In the disorganized attachment style, the primary caregiver is terrifying, or overly chaotic. The child has no safe holding environment in which to process or cope with this terror and pain.
In this way, autonomic nervous system (ANS) regulation and emotional modulation are severely interrupted, leaving the child with multiple disjointed models of self, the other, and the relationship between them. The need for connection found in the attachment system, and fear for survival in the ANS, become entangled which creates great confusion and disorganization. They move towards nurturing only to have the person who is supposed to care for them, scream, shake, or hurt them.
As adults, those with Disorganized style are afraid of closeness or intimacy. Closeness is associated with fear of the original parent who could not be trusted. They become stuck in an approach /avoidance pattern. According to Poole Heller the two systems must get untangled through corrective experiences which establish the essential quality of safety, that was missing as a resource for the inner child.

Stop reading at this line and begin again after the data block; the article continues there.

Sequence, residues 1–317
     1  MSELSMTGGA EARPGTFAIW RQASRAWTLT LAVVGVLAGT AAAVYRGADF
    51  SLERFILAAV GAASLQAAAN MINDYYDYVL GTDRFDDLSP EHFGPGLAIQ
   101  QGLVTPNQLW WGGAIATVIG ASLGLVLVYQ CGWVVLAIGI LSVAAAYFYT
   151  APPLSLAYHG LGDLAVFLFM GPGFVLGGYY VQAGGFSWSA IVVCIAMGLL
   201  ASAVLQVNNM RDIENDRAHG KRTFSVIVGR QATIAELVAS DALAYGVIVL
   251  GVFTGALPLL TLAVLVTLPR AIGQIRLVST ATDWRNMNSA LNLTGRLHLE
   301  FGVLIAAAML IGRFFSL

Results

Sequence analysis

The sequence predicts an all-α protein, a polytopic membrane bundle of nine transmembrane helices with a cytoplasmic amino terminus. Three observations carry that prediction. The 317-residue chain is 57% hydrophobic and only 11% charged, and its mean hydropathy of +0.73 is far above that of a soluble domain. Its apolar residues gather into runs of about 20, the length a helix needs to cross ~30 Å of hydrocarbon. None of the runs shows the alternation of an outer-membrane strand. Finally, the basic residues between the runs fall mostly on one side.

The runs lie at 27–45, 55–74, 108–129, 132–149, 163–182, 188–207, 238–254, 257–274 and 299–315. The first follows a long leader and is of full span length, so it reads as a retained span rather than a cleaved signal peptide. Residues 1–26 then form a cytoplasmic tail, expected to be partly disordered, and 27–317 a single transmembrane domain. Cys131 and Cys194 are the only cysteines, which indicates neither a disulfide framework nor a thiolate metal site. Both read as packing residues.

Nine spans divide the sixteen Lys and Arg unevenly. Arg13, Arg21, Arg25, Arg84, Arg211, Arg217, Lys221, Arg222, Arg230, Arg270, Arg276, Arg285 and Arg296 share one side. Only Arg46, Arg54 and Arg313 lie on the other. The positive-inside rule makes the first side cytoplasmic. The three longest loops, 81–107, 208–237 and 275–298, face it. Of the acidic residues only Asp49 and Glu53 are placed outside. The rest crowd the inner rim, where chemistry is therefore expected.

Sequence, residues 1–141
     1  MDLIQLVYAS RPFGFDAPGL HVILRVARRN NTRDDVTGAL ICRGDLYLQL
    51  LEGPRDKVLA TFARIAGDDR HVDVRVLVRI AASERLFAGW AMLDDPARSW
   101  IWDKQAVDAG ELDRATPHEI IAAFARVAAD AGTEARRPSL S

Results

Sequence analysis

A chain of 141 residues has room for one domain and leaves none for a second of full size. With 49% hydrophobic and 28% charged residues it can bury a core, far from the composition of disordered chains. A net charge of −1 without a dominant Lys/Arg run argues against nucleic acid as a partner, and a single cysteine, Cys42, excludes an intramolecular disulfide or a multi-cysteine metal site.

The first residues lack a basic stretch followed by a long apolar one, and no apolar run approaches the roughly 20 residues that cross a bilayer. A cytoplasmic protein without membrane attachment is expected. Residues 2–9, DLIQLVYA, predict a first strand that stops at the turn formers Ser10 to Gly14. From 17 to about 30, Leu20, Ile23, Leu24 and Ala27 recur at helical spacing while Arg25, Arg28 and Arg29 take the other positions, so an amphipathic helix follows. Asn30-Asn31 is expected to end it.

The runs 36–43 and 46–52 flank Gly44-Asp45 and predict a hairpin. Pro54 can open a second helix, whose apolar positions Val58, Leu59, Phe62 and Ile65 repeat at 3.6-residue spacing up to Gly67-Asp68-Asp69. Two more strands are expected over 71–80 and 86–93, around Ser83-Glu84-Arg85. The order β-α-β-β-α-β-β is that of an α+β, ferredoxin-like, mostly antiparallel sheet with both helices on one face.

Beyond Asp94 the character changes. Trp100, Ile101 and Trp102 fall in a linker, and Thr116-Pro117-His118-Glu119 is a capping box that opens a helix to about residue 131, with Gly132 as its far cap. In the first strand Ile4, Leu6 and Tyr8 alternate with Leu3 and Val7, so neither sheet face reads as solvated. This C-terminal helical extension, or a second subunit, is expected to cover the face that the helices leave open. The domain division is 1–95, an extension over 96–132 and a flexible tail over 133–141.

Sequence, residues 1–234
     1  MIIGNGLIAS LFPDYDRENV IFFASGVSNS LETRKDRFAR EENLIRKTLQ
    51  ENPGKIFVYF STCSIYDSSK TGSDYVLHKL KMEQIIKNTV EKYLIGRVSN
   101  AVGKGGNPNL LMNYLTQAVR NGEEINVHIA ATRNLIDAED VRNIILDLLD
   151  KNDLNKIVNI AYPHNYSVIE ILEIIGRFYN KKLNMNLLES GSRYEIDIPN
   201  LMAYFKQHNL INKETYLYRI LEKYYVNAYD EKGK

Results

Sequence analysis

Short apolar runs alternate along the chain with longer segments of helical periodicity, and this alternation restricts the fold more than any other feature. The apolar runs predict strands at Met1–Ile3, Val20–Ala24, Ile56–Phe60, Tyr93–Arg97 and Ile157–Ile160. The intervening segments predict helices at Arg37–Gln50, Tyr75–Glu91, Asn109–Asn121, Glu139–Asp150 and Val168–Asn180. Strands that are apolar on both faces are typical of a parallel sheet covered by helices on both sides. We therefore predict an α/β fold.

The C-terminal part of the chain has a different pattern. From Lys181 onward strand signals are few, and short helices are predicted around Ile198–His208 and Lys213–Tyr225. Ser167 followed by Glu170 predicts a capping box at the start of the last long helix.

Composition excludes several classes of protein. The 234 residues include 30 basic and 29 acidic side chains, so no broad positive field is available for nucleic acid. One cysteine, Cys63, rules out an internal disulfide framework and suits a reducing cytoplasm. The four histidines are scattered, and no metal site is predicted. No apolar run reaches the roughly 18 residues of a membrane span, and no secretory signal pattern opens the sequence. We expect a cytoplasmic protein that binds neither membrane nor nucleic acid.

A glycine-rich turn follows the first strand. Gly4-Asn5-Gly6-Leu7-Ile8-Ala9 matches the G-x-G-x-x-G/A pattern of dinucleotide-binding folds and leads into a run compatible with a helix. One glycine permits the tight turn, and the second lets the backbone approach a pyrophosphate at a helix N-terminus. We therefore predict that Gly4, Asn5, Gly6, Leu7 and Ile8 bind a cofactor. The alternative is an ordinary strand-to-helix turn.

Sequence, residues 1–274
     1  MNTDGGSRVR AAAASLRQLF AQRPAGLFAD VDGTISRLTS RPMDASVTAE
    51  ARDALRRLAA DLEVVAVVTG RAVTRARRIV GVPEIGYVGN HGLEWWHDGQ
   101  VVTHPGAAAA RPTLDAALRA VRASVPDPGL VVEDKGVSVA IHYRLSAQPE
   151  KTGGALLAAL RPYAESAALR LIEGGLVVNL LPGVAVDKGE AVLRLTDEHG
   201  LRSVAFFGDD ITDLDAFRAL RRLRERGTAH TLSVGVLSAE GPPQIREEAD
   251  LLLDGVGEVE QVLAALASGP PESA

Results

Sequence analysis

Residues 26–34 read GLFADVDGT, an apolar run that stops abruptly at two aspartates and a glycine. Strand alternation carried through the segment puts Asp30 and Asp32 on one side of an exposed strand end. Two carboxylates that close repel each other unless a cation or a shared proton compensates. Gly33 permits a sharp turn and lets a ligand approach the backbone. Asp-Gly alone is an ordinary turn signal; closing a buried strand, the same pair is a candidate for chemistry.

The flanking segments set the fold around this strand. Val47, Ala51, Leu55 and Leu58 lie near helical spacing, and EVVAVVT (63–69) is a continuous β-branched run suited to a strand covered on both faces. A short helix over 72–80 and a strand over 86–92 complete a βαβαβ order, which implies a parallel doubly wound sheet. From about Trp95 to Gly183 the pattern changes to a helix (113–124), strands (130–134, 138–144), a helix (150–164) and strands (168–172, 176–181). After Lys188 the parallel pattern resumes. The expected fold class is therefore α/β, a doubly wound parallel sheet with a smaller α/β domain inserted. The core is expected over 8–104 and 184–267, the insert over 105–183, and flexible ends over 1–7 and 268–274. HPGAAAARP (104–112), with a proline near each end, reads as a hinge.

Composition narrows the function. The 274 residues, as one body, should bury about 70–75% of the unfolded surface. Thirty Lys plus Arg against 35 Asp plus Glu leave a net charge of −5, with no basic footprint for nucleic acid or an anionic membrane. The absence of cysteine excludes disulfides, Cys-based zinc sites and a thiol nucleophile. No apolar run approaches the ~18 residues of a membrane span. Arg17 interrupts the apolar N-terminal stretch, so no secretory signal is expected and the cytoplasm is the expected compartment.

It is worth noting that we can have more than one attachment style depending on the kinds of relationships we experienced early in life. For instance, one may have developed an Ambivalent style with parents but felt Secure attachment with siblings.
Just as any developmental movement patterns that are missed can be re-experienced, since we are hardwired for Secure Attachment, we can move towards it, and re-experience it in adult relationships. Learning to notice your own nervous system responses (and attachment style) while having them modulated and co-regulated with a trusted friend, lover, or therapist, takes practice but will move you towards whole health.
“Human beings are social mammals & social mammals regulate each other’s physiology & alter the internal structure of each other’s nervous system through the synchronous exchange of emotions. This interactive regulatory relationship is the basis for attachment.”